While other kayaks are made of opaque fiberglass or plastic, this one is made of Lexan, a resin that’s both transparent and sturdy. Paired with the kayak’s aluminum frame, the kayak’s design makes for a sturdy ride. This kayak weighs a hefty 48 pounds and can hold 425 pounds at a time. It’s also stable and easy to steer, thanks to a drop-down adjustable skeg. 

At 11 feet long and 2.75 feet wide, there’s room enough for two. The adjustable, removable seats make it easy to get comfortable, whether you’re kayaking alone or with a partner. We like that the kayak ships with two paddles and two flotation devices, giving you everything you need to confidently get on the water.

Price at time of publication: $2,600

Key Specs:
Design:
Sit-inside | Weight: 48 pounds | Weight Capacity: 425 pounds | Rider Capacity: 1–2 kayakers | Material: Lexan (transparent resin) | Dimensions: 11 x 2.75 feet

Best Tandem

Ocean Kayak Malibu Tandem Kayak

Ocean Kayak Malibu Two Tandem Kayak

Courtesy of Backcountry

Pros
  • Removable, adjustable seats

  • Available in two colors

Cons
  • Bulky

Durable, comfortable, and efficient, Ocean Kayak’s Malibu Tandem Kayak is our top choice for a functional and spacious tandem kayak. At 12 feet long and 2.8 feet wide, the kayak is one of the largest on our list and a little bulky. 

Inside the kayak, you’ll find two adjustable seats, two storage-friendly gear straps, and two roomy foot wells. These foot wells are designed to give you plenty of legroom, and they make it possible to bring a third passenger (like a pet or small child) along for the ride. 

Like many other recreational kayaks, this one is sturdy. It weighs a significant 58 pounds and can hold 425 pounds at a time. Its shallow hull is designed with a screw-in drain plug, which you can loosen to let out water. And we like that the base features a skid plate, which cuts down on damage from rocks and sand.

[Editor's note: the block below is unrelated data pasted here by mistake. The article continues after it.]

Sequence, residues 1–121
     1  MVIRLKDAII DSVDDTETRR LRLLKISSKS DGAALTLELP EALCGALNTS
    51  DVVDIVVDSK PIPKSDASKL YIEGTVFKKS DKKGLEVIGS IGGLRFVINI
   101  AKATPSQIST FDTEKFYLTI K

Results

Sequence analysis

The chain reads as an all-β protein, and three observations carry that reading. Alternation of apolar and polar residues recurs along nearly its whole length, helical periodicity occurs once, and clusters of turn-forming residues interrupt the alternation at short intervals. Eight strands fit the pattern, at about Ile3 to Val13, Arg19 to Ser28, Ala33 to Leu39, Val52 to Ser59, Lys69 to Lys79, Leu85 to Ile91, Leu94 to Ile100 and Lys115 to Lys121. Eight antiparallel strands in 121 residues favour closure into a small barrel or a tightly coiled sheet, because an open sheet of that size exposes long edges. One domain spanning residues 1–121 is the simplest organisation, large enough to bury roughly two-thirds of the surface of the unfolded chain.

While it readily holds two and a half passengers, this kayak also comfortably holds one. So if you decide to kayak solo, you can count on the same steady ride, with more weight on the boat. 

Price at time of publication: $664

Key Specs:
Design:
Sit-inside | Weight: 58 pounds | Weight Capacity: 425 pounds | Rider Capacity: 2.5 kayakers | Material: Polyethylene | Dimensions: 12 x 2.8 feet

Best for Kids

Lifetime Youth Wave Kayak

Lifetime Youth Wave Kayak (Blue)

Amazon

Pros
  • Budget-friendly

  • Includes paddle

  • Available in seven colors

Cons
  • Low weight capacity

  • Best for kids ages 5 to 11

Lifetime’s Youth Wave Kayak is our budget-friendly pick for the best kids’ kayak. It’s sturdy, comfortable, and lightweight, so it’s easy for first-time kayakers to use (and for parents to transport).

When your little one is kayaking solo, you want them in a boat that’s both durable and beginner-friendly. Made of sturdy polyethylene, this kayak can support 130 pounds at a time. And since it’s designed with kids ages 5 to 11 in mind, it’s packed with features that make kayaking a breeze. 

The kayak’s flat bottom hull is great for stability, while the fins lining its base make it easy to steer. Built-in scupper holes automatically drain the kayak any time it takes on water. And molded footrests, handles, and paddle cradles make it simple to find and settle into a comfy position. 

We love that the back of the kayak is designed with a built-in swim-up deck. This deck makes the kayak easy to climb onto even after you’ve gotten in the water, so your little one can seamlessly switch between swimming and paddling. However, it has a lower weight capacity than other boats on our list.

Price at time of publication: $149

Key Specs:
Design:
Sit-on-top | Weight: 18 pounds | Weight Capacity: 130 pounds | Rider Capacity: 1 kayaker | Material: Polyethylene | Dimensions: 6 x 2 feet

Best Sit-In

Pelican Mustang 100X Kayak

Pelican Mustang 100X Kayak

Courtesy of Field and Stream Shop

Pros
  • Stable

  • Lots of storage space

  • Available in 4 colors

Cons
  • Included storage case isn’t waterproof

If you’re planning to kayak in cold weather or over long distances, we recommend a sit-inside kayak like this one from Pelican. The boat is durable, comfortable, and loaded with storage space, all at a lower price than other kayaks on our list.

Made of impact-resistant polyethylene, this boat is rigid and durable. And its twin-arched hull makes it stable but easy to maneuver. While flat-bottom hulls win on stability and V-shaped hulls win on maneuverability, this one splits the difference—creating a kayak that’s steady enough for beginners but agile enough for experts.